Tuesday, 13 December 2011

Top Ten All-Time Best-Selling Books, 10: Napoleon Hill, Think and Grow Rich (1937)


Off we go, then.

Well, I'd never heard of this one: the 10th best-selling title of all time. I suppose it doesn't surprise me that a self-help manual would make the top-ten; for obviously these sorts of book sell by the barnload. And two things endeared me to this title straight away. One, the author's superbly-formed imperial tumulus of a name. 'Climbing the Napoleon Hill' is, I think we can agree, a euphemism to conjure with. Then I chanced upon this:
The secret of achievement was tantalizingly offered to readers of Think and Grow Rich, but it was never explicitly identified. Hill felt discovering it for themselves would provide readers with the most benefit.
By gum it's true!
The secret to which I refer has not been directly named [in this book], for it seems to work more successfully when it is merely uncovered and left in sight, where THOSE WHO ARE READY, and SEARCHING FOR IT, may pick it up. [3]
This is a touch of such genius I feel the impulse to get out of my chair and salute it. The plan is: to put on sale a book called Think and Grow Rich, to be bought by people who hope to become rich, such that the inside portion of the book is given over to saying, in effect, 'you want to become rich? My advice is to think how to become rich, and then do that.' Ian McKellen would be pleased.

Anyway, the text is available online: you can see for yourself.

9 comments:

Adam Roberts said...

To dilate a little upon this, here is Hill's infallible 6-part plan:

First. Be definite as to the amount.

Second. Determine exactly what you intend to give in return for the money you desire. (There is no such reality as “something for nothing.)

Third. Establish a definite date when you intend to possess the money you desire.

Fourth. Create a definite plan for carrying out your desire, and begin at once, whether you are ready or not, to put this plan into action.

Fifth. Write out a clear, concise statement of the amount of money you intend to acquire, name the time limit for its acquisition, state what you intend to give in
return for the money, and describe clearly the plan through which you intend to accumulate it.

Sixth. Read your written statement aloud, twice daily, once just before retiring at night, and once after arising in the morning. AS YOU READ--SEE AND FEEL AND BELIEVE YOURSELF ALREADY IN POSSESSION OF THE MONEY.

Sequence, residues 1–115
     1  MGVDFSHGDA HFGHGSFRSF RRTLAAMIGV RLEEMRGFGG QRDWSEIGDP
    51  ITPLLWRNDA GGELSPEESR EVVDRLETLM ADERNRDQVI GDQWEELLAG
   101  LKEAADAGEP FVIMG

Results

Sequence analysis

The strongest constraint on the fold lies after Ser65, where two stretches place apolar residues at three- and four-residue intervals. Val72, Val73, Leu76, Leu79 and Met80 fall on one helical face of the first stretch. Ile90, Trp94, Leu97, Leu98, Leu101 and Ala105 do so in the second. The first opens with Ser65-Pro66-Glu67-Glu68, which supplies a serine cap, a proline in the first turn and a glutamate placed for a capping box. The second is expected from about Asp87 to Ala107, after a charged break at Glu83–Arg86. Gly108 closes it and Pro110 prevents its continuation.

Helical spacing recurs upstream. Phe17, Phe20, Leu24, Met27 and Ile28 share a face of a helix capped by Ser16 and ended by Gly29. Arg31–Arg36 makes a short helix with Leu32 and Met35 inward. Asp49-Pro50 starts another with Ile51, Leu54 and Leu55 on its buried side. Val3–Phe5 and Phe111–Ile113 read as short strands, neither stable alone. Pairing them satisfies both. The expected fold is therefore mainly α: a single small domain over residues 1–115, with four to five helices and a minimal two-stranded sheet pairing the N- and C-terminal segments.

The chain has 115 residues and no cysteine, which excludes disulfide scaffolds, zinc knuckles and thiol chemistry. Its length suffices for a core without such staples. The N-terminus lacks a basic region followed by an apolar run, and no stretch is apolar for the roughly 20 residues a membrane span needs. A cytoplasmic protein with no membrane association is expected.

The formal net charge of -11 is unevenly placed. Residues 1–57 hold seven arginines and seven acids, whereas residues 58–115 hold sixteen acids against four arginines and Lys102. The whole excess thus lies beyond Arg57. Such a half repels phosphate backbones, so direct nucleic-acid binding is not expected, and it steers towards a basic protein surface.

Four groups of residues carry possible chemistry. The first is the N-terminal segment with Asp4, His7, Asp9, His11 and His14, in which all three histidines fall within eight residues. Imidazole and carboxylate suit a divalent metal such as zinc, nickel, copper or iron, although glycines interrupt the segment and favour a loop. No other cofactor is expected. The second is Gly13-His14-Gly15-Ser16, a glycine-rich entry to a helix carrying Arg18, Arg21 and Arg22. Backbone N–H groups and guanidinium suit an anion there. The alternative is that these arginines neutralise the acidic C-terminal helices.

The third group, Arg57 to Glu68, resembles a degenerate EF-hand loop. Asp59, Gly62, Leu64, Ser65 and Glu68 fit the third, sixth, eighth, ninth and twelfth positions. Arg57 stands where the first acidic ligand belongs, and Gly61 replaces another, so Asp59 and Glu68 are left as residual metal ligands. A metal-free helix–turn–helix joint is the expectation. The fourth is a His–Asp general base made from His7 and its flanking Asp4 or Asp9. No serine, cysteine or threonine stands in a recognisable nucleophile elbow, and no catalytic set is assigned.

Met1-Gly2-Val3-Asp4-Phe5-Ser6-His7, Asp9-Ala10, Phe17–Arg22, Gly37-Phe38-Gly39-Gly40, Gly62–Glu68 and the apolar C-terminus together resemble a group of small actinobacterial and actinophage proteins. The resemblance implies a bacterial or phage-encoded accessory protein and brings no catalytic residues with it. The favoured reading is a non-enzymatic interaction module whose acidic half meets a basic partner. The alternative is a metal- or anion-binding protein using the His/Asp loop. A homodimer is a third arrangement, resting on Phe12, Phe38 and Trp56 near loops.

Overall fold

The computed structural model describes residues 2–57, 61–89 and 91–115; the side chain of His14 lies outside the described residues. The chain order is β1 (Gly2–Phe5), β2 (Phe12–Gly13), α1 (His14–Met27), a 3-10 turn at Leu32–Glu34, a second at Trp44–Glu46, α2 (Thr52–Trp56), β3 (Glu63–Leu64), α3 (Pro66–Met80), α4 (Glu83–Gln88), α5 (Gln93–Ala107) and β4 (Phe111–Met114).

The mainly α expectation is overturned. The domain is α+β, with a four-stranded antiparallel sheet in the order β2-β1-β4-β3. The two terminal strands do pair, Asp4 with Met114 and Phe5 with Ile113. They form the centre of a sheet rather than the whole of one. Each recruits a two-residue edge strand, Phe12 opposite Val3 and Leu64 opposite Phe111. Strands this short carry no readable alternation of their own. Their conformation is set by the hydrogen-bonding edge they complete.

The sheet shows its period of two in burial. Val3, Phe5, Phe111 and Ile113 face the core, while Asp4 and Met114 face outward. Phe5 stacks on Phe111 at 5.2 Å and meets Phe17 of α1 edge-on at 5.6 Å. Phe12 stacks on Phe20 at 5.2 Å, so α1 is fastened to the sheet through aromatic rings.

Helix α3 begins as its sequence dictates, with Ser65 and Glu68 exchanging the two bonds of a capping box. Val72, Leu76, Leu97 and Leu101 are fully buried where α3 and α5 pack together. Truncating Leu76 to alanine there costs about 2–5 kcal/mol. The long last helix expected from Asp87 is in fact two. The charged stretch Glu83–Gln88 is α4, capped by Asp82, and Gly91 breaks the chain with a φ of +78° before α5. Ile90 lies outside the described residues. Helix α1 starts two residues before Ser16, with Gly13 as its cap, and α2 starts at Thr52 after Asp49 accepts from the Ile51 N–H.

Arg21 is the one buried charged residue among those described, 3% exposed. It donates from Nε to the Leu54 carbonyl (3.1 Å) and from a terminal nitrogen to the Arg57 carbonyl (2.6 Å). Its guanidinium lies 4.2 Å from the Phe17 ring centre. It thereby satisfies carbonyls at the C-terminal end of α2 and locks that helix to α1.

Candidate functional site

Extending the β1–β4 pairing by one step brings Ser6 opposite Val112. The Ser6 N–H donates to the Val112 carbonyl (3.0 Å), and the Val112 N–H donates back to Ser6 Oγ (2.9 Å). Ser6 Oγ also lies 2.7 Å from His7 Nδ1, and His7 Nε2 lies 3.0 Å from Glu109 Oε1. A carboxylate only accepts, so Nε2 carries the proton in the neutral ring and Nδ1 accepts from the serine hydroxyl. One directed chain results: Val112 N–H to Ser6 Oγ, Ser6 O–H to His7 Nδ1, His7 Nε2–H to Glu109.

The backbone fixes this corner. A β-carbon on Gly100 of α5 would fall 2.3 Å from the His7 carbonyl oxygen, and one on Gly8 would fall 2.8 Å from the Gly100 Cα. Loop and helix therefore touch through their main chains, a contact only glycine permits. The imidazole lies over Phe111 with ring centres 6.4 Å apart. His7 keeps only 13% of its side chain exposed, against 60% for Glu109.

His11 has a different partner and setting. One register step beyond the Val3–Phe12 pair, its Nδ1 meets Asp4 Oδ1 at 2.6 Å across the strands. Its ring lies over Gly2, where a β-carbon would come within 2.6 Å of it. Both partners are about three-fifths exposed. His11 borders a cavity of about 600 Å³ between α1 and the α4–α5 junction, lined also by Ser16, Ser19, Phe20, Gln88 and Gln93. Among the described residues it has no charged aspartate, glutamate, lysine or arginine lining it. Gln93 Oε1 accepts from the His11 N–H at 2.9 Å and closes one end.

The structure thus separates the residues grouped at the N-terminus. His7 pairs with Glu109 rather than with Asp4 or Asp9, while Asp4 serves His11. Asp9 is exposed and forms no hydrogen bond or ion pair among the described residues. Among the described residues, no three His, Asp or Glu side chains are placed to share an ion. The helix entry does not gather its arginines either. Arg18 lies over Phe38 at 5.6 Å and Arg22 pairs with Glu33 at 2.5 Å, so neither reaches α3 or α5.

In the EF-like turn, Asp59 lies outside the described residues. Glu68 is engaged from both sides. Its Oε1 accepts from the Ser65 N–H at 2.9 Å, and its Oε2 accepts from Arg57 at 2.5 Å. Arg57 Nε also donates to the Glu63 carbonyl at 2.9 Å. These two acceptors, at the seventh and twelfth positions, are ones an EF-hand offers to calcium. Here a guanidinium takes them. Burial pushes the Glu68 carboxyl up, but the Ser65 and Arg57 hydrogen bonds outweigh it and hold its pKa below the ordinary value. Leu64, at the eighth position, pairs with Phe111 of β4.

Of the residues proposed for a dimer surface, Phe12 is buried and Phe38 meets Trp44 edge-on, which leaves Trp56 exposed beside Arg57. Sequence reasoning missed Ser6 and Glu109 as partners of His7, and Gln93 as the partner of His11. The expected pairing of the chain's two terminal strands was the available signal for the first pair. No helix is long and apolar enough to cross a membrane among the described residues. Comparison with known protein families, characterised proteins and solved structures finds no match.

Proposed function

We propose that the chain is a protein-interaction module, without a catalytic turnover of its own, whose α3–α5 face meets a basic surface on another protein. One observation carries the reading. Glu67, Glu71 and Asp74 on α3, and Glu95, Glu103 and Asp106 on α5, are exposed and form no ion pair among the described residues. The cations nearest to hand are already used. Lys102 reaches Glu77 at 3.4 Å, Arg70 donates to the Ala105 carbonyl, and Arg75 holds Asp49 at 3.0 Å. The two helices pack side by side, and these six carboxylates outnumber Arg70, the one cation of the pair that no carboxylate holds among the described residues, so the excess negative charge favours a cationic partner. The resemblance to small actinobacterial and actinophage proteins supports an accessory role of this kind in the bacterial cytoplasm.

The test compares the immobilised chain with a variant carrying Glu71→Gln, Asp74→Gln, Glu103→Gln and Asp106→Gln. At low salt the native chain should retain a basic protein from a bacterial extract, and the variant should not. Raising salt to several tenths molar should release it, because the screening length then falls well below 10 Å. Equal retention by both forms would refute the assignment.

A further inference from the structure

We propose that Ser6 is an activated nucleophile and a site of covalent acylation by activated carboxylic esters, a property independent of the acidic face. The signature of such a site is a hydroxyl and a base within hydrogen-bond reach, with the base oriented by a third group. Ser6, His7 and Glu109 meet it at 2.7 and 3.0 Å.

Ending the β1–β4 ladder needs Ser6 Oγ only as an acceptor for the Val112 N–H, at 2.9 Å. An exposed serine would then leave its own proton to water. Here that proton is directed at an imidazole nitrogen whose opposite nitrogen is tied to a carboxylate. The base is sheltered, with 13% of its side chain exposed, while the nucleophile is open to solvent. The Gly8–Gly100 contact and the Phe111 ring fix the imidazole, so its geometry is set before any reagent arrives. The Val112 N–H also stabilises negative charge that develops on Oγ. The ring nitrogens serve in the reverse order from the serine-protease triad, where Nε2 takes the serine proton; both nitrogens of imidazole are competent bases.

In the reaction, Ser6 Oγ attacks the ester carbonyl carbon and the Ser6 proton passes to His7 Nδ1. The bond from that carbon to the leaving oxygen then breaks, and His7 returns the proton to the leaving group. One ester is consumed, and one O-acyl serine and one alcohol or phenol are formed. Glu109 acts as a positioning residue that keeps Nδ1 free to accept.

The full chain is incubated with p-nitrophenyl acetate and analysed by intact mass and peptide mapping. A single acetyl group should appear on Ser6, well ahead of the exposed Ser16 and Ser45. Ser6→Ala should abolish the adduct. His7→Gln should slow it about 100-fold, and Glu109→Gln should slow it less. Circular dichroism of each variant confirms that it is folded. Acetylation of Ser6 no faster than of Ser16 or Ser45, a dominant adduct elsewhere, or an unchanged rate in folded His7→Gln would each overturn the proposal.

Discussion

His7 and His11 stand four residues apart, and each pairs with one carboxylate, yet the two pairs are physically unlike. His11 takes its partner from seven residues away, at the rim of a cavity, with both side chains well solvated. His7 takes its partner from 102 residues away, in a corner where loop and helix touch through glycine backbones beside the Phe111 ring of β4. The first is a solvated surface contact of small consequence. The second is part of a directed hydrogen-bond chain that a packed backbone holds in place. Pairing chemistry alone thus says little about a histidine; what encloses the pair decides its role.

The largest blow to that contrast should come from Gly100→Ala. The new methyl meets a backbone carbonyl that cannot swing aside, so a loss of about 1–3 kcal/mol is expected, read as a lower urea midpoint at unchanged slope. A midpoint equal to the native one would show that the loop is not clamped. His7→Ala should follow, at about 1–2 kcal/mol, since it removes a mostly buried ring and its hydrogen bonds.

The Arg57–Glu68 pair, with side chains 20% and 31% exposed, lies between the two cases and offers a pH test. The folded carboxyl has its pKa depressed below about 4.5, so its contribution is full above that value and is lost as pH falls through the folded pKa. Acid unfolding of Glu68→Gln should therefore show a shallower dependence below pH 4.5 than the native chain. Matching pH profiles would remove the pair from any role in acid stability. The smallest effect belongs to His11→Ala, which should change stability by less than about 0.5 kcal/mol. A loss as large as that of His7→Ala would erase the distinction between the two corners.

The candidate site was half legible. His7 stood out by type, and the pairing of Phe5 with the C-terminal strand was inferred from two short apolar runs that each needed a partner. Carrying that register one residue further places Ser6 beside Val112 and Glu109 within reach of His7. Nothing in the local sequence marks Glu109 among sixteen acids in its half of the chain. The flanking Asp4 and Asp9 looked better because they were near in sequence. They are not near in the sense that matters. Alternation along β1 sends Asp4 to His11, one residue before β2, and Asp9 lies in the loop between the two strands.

Call me cynical, but I'd say it's step four that is the underpants-gnomic element here.

Mike Taylor said...

Well, maybe it's underpants-gnomic. On the other hand, the advice boils down to "know that you want to do, and get on with it" which strikes me as excellent advice. Surely 90% of plans that founder, do so by means of either the Scylla of vagueness or the Charybdis of timidity.

Mike Taylor said...
This comment has been removed by the author.
Adam Roberts said...

I agree with you, Mike: that is good advice. Not sure it needs a 15-chapter, 250-page book to put it over, though. Or maybe it does: maybe it is something so blindly obvious people are actually blind to it, and need to be lead assiduously to it over many pages of earnest exhortation.

Mike Taylor said...

Agreed on not needing a whole book. This has been my experience with most of the (not very many!) self-help books I've read: they generally grow from one truly useful insight, which is stated in the first chapter. That makes the book seem very good to the casual reader. But then it becomes apparent that chapters 2-n really have nothing more to add.

mondal said...

Write out a clear, concise statement of the amount of money you intend to acquire, name the time limit for its acquisition, state what you intend to give in return for the money, and describe clearly the plan through which you intend to accumulate it.
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Bill from PA said...

The top hat, gloves and cane on the cover serve as a warning to indicate the type of sartorial obligations that you will incur by following the book’s advice. Remember with great wealth comes a certain inescapable responsibility to society.

Jessica said...

Barbara Ehrenreich does an amazing takedown of this (and other similar "sending out vibes to the universe" nonsense) in her excellent Bright-Sided.

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